Hacking the Happy Hacking Keyboard

17.07.2009 20:00

Last time I reported some weird problems with my new Happy Hacking Keyboard Lite2 USB. Escape and down cursor keys appeared unreliable and sometimes skipped keystrokes.

After some experimenting I found out that these two keys wouldn't register if I pressed them under some specific angles.

This got so annoying that I went back to my previous keyboard at work and decided to check if I can do something about it. Sending the keyboard back under warranty was pretty much out of the question: it took a month and coordination of three of my colleagues to get it from United States to Slovenia.

Opening the case is as simple as it gets: eight screws (one under the sticker with DIP switch instructions) and no plastic latches.

Disassembled Happy Hacking Keyboard Lite2 USB

There three layers here:

  • At the bottom is the membrane with switch matrix. It is itself composed of three layers of flexible plastic: bottom contacts, spacer and top contacts. They are only fused together at two spots (in contrast to the Sinclair Spectrum keyboard, where the contacts are hermetically sealed in bubbles in the membrane). This makes it possible to get finger grease on the contacts if your not careful handling it.
  • Flexible domes formed out of silicone-like substance. They act as springs that push keys back out after you press them.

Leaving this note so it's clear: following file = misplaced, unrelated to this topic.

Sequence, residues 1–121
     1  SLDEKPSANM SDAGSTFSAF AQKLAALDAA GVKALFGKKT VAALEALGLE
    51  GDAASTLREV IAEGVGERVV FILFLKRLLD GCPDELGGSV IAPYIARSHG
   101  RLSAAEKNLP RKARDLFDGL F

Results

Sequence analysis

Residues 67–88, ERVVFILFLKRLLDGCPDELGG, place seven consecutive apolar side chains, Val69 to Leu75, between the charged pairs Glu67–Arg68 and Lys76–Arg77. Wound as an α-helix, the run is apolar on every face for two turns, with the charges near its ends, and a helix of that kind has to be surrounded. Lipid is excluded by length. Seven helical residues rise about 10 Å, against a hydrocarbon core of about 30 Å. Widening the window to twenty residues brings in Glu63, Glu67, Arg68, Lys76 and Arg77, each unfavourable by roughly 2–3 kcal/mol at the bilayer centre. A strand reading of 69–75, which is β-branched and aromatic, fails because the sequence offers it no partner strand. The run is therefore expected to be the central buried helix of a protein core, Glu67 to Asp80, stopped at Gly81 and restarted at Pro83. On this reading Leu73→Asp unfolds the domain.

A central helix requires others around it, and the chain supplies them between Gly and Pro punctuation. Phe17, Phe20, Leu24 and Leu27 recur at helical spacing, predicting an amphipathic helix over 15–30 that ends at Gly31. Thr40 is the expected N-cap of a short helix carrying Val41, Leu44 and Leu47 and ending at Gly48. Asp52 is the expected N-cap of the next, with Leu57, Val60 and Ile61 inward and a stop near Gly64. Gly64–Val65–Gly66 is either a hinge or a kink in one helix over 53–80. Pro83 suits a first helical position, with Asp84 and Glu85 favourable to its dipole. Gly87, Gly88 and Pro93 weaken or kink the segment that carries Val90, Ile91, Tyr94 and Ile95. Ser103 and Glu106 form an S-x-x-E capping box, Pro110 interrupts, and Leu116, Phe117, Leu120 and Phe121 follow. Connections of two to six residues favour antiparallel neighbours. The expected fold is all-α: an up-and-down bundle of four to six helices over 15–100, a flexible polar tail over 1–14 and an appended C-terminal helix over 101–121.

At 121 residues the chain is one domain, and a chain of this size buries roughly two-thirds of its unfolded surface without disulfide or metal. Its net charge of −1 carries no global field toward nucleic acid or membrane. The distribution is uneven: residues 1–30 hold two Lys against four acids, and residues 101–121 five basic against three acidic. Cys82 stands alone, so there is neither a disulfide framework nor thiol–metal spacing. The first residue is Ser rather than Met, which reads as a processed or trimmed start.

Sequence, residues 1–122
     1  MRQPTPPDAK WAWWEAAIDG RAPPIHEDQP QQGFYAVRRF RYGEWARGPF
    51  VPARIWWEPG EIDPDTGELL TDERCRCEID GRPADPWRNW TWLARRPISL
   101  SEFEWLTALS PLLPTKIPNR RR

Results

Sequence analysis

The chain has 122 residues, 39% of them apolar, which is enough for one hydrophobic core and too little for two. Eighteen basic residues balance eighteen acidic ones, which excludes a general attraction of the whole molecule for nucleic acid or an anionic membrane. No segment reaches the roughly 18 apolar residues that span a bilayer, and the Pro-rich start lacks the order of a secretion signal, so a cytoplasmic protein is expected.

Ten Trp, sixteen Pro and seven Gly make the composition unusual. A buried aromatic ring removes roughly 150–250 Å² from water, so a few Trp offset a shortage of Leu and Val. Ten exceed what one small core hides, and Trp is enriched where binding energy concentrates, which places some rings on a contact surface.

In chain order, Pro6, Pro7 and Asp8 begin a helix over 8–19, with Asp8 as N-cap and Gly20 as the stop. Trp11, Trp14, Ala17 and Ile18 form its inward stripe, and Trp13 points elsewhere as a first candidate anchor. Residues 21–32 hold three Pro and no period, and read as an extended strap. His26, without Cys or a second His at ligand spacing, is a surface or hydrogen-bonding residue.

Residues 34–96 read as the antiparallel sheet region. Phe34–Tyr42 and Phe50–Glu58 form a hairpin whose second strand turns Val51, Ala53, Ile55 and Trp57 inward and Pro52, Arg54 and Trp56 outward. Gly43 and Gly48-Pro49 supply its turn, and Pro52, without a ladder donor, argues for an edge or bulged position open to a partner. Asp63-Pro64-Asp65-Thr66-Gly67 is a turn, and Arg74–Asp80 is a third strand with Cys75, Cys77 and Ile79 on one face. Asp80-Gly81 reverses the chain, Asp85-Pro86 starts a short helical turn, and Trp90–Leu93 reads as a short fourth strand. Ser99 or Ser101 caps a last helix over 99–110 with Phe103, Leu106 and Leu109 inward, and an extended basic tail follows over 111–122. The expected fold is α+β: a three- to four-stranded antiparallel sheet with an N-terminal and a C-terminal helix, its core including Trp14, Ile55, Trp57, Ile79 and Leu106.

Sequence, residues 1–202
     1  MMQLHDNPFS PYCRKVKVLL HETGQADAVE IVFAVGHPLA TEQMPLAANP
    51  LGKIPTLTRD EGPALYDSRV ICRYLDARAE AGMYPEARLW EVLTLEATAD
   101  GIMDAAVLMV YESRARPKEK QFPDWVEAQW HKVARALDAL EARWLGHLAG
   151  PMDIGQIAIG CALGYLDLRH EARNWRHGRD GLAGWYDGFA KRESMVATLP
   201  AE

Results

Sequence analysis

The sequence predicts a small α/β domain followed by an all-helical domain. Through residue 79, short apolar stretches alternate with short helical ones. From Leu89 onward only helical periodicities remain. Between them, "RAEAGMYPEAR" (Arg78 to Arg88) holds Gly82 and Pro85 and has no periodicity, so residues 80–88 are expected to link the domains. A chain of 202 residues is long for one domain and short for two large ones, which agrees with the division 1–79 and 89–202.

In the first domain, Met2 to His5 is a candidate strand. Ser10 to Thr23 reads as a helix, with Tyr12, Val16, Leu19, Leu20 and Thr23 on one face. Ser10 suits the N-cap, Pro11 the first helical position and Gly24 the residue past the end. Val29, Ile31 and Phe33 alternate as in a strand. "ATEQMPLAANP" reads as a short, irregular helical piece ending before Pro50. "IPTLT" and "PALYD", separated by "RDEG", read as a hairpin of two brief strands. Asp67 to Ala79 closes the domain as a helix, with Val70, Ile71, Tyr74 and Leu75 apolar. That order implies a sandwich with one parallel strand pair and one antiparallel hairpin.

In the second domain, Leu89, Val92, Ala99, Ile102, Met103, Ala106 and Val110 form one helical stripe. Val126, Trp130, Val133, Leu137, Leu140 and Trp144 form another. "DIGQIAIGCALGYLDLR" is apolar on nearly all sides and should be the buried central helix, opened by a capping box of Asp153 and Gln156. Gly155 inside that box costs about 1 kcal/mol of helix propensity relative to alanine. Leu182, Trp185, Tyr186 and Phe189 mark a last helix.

• Hard plastic keys, latched into the upper cover.

After visual inspection the most obvious problem appeared to be a couple of pieces of plastic freely floating on the membrane. They were most likely leftovers from the molding process (i. e. molding flash). Some keys (including the two I had problems with) also had irregularities on the bottom, so the surface that pushed onto the dome wasn't even. I carefully removed the excess plastic with a scalpel.

After assembling the keyboard back, the problem seems to be gone, but I guess it will take a couple of days of use to see if I really fixed it.

This is the second keyboard in a row that I had to repair after getting it brand-new from the factory (the first was on my Eee 901). They really don't make them as they used to (even when you pay $1.50 per key).

Posted by Tomaž | Categories: Digital

Comments

The HHKB seems to be a nice project/ideia. I hope to buy one soon.
Can I ask? How is your HHKB going? All right now?

Posted by luciano

Yes, after mending the cursor keys with a piece of cardboard, my HHKB works fine.

But considering the trouble I went through to get it to work properly I would hardly recommend it.

Posted by Tomaž

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